Lawrence Graham targets high net-worth individuals and is proud of its offshore and international presence. The department has tripled in size during the past five years and now accounts for 15-20 per cent of the firm's business. Lateral hires include two lawyers from Rooks Rider in February and a senior solicitor from Cayman Islands firm Maples and Calder. Strengths are multijurisdictional tax and estate planning, and more than half of the department's work is international.
Market view: “A lot of our competitors are principally private client businesses with a commercial department added on,” says Young. “But we're a commercial firm with a private client arm; and an awful lot of work crosses over to us from other parts of the firm.” Together with Withers and Macfarlanes, Young considers Lawrence Graham to be part of a private client super league, which has effectively cornered the top end of the market.
Future forecast: “Private client is super-fashionable now. We deal with the very rich and all that goes with them,” says Young, who thinks the days of the “snooty, ivory tower” private client firm are numbered. As for the future of his own department, Young says the focus will remain fixed on the international market, while another significant lateral hire is in the pipeline.
Most likely to advise: The international super-rich, well-known global personalities, entrepreneurs, old money clients and private institutions, such as Coutts Bank. Recently acted on the estate of the former Archbishop of Canterbury, Lord Runcie.
Payne Hicks Beach
Head of department: Senior partner Graham Brown
Number of lawyers: 10 (7 partners)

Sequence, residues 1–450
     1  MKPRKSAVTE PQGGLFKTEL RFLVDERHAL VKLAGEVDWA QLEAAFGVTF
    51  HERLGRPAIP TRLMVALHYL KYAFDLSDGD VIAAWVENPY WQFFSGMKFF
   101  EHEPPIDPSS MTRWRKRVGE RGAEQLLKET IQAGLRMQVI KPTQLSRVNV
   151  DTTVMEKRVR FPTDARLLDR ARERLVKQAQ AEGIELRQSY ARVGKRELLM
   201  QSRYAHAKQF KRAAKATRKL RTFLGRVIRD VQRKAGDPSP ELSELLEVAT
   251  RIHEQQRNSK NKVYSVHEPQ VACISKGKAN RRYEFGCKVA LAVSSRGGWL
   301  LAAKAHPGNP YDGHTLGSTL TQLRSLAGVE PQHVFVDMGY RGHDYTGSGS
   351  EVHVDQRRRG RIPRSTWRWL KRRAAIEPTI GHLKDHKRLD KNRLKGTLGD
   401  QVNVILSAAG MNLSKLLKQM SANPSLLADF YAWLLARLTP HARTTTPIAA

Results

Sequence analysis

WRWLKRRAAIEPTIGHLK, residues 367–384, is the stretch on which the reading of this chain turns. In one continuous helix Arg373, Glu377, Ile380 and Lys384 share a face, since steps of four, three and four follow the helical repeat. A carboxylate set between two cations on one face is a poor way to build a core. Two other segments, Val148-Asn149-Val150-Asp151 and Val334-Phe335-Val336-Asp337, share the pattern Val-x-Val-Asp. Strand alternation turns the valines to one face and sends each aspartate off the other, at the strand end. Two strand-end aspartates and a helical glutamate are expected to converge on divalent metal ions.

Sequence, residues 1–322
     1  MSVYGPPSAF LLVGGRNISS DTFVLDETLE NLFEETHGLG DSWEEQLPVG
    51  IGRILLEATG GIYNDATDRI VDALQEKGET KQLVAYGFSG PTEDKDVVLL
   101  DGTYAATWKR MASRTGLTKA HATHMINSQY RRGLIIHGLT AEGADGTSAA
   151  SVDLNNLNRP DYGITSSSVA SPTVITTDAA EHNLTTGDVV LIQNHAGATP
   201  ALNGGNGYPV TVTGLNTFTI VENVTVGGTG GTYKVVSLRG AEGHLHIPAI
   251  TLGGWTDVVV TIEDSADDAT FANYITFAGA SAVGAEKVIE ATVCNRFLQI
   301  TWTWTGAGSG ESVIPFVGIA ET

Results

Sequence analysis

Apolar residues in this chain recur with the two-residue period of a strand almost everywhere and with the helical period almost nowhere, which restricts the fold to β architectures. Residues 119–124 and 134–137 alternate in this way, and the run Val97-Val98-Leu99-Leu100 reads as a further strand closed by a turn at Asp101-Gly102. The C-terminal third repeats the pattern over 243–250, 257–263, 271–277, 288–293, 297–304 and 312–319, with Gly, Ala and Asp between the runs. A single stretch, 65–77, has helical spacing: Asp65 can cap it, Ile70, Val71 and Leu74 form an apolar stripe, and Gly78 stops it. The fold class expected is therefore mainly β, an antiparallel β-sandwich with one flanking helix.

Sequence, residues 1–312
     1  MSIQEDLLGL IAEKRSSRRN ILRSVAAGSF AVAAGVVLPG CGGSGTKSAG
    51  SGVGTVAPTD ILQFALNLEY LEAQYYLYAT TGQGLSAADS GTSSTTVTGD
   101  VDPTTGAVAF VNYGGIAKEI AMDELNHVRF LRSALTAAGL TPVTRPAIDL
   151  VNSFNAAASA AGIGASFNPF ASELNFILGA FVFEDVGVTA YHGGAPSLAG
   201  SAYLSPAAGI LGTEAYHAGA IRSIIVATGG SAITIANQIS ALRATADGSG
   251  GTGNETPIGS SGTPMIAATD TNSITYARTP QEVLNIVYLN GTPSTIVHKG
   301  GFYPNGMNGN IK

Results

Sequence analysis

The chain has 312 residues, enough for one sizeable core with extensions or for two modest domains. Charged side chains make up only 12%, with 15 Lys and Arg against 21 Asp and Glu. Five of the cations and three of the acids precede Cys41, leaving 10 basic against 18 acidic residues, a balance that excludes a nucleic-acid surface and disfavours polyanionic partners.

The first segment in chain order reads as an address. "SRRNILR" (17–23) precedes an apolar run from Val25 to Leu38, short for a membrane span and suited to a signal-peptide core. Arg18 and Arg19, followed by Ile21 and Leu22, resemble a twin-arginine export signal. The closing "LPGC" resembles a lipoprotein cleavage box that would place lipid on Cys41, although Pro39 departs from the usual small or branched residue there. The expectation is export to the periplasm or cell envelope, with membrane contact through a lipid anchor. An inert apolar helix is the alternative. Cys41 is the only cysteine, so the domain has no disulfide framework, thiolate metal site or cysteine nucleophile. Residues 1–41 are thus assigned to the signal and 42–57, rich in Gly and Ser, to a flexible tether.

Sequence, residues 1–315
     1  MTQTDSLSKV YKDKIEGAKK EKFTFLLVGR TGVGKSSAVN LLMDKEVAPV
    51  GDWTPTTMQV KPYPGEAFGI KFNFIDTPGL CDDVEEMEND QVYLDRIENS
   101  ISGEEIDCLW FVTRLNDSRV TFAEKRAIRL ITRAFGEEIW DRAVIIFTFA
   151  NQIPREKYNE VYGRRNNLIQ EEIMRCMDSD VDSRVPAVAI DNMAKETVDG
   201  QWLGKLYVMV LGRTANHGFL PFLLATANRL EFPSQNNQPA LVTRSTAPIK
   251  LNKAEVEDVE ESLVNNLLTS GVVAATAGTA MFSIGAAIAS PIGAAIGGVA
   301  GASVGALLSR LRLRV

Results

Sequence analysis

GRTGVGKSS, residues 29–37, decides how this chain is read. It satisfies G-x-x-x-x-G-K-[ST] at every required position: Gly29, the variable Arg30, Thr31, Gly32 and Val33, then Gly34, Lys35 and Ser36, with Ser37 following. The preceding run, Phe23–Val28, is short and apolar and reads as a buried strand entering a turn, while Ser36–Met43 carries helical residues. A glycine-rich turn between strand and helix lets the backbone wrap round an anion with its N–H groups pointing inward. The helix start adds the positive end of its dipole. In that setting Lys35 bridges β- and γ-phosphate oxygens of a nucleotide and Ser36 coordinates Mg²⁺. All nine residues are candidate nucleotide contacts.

Approach: Payne Hicks Beach is a “very old, established firm” that has achieved its position in the private client market over the past quarter-century, according to the head of department and senior partner Graham Brown. “We just don't feel the need to be embarrassed about working for old money clients,” he says.
Along with Withers, Brown thinks Payne Hicks is the only firm to successfully offer a combination of tax, trust and family legal advice. “These are the most famous areas of our practice and bring in between two-thirds to three-quarters of the firm's income,” he adds. A notable scoop was the hire of Fiona Shackleton's team from Farrer & Co in 2001, which retained HRH Prince of Wales as a client after acting on his divorce. “We like relationships and not transactions,” Brown adds firmly.
Market view: Due to the firm's Lincoln's Inn location and traditional client base, Brown fears the firm is thought of as “dusty and fuddy-duddy” by competitors. “But I'd say that they're a little envious,” he continues. “Those who do know us know that we punch well above our weight. I hate that phrase, but I think it sums us up well.”
Future forecast: “I think the market's going to continue as it has for the last 20 years, with consolidation,” predicts Brown. “The number of firms [in this area] will get smaller and the little departments scattered around London will disappear. I also think City firms will try to reintroduce [private client work] by creating a new department willing to service rich international clients.”
Most likely to advise: Landowners, family art collections, “very big English entrepreneurs” and royalty.